Text Box: 5Tule Ponds at Tyson Lagoon Field Trip
Reinforces the following
California Science Standards and
Next Generation Science Standards
Fifth Grade (Wetland Chemistry)


Wetland Chemistry (Fifth Grade)  Students compare elements and compounds. They investigate the chemical properties of water. They tour Tule Ponds with a focus on the effects of chemistry in the wetland. Students experiment with how molecules get into water and can change the pH.

The following are activities the students will do
1. Read the periodic table of elements
2. Separate elements and compounds
3. Observe properties of elements and compounds
4. Tour Tule Ponds with a focus on wetland chemistry
5. Perform chemical testing

Next Generation Science Standards (NGSS)

Standards arranged by Disciplinary Core Ideas.  Codes in parenthesis represent Performance Standards.  For more detailed information visit   http://www.nextgenscience.org/next-generation-science-standards

5-PS1.B: Chemical Reactions
When two or more different substances are mixed, a new substance with different properties may be formed. (5-PS1-4)

PS3.D: Energy in Chemical Processes and Everyday Life
The energy released [from] food was once energy from the sun that was captured by plants in the chemical process that forms plant matter (from air and water). (5-PS3-1)

5-ESS2.C: The Roles of Water in Earth’s Surface Processes
Nearly all of Earth’s available water is in the ocean. Most fresh water is in glaciers or underground; only a tiny fraction is in streams, lakes, wetlands, and the atmosphere. (5-ESS2-2)

LS2.A:  Interdependent Relationships in Ecosystems
The food of almost any kind of animal can be traced back to plants. Organisms are related in food webs in which some animals eat plants for food and other animals eat the animals that eat plants. Some organisms, such as fungi and bacteria, break down dead organisms (both plants or plants parts and animals) and therefore operate as “decomposers.” Decomposition eventually restores (recycles) some materials back to the soil. Organisms can survive only in environments in which their particular needs are met. A healthy ecosystem is one in which multiple species of different types are each able to meet their needs in a relatively stable web of life. Newly introduced species can damage the balance of an ecosystem. (5-LS2-1)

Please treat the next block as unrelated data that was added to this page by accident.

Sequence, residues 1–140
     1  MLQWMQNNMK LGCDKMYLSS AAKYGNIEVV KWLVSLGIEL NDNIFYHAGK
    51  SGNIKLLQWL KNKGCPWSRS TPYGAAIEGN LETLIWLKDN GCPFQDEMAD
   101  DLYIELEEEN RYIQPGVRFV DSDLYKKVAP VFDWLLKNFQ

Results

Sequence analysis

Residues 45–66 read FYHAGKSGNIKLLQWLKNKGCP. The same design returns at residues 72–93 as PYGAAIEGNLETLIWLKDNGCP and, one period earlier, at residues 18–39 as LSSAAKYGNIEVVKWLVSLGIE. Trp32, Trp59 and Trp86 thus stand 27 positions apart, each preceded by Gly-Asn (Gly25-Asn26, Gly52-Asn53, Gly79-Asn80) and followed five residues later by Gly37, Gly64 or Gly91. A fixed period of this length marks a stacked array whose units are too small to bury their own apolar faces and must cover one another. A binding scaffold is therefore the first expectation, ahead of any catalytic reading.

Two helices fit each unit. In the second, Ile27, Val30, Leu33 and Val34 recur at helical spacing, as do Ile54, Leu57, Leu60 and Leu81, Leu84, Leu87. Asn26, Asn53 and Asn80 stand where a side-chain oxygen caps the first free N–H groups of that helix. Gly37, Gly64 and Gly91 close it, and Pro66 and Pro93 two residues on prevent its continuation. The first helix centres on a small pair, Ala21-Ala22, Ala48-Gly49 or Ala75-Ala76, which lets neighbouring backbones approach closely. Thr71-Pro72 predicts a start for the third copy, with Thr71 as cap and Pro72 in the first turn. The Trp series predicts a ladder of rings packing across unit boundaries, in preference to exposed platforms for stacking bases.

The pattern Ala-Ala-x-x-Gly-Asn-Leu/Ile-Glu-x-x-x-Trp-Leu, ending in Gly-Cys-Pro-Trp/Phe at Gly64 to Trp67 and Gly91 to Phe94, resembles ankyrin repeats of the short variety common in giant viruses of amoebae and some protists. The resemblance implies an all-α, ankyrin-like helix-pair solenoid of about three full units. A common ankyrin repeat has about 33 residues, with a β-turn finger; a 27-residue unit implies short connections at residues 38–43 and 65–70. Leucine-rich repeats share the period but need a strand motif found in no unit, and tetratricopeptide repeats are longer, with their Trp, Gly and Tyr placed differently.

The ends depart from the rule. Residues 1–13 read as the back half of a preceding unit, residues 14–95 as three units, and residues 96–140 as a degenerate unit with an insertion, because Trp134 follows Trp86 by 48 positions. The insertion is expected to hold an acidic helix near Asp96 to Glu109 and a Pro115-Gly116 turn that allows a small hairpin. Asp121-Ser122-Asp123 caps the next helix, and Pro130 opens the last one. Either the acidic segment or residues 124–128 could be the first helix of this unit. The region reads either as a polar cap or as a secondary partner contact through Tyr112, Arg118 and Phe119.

Ca Science Standards

Physical Sciences
1. Elements and their combinations account for all the varied types of matter in the world. As a basis for understanding this concept:
f. Students know differences in chemical and physical properties of substances are used to separate mixtures and identify compounds.
g. Students know properties of solid, liquid, and gaseous substances, such as sugar (C6H12O6), water (H2O), helium (He), oxygen (O2), nitrogen (N2), and carbon dioxide (CO2).

Life Sciences
2. Plants and animals have structures for respiration, digestion, waste disposal, and transport of materials. As a basis for understanding this concept:
a. Students know many multicellular organisms have specialized structures to support the transport of materials.
e. Students know how sugar, water, and minerals are transported in a vascular plant.
f. Students know plants use carbon dioxide (CO 2 and energy from sunlight to build molecules of sugar and release oxygen.
g. Students know plant and animal cells break down sugar to obtain energy, a process resulting in carbon dioxide (CO2) and water (respiration).

Earth Sciences
3. Water on Earth moves between the oceans and land through the processes of evaporation and condensation. As a basis for understanding this concept:
d. Students know that the amount of fresh water located in rivers, lakes, under-ground sources, and glaciers is limited and that its availability can be extended by recycling and decreasing the use of water.
e. Students know the origin of the water used by their local communities.

Investigation and Experimentation
6. Scientific progress is made by asking meaningful questions and conducting careful investigations. As a basis for understanding this concept and addressing the content in the other three strands, students should develop their own questions and perform investigations. Students will: a. Classify objects (e.g., rocks, plants, leaves) in accordance with appropriate criteria. b. Develop a testable question. f. Select appropriate tools (e.g., thermometers, meter sticks, balances, and graduated cylinders) and make quantitative observations. g. Record data by using appropriate graphic representations (including charts, graphs, and labeled diagrams) and make inferences based on those data.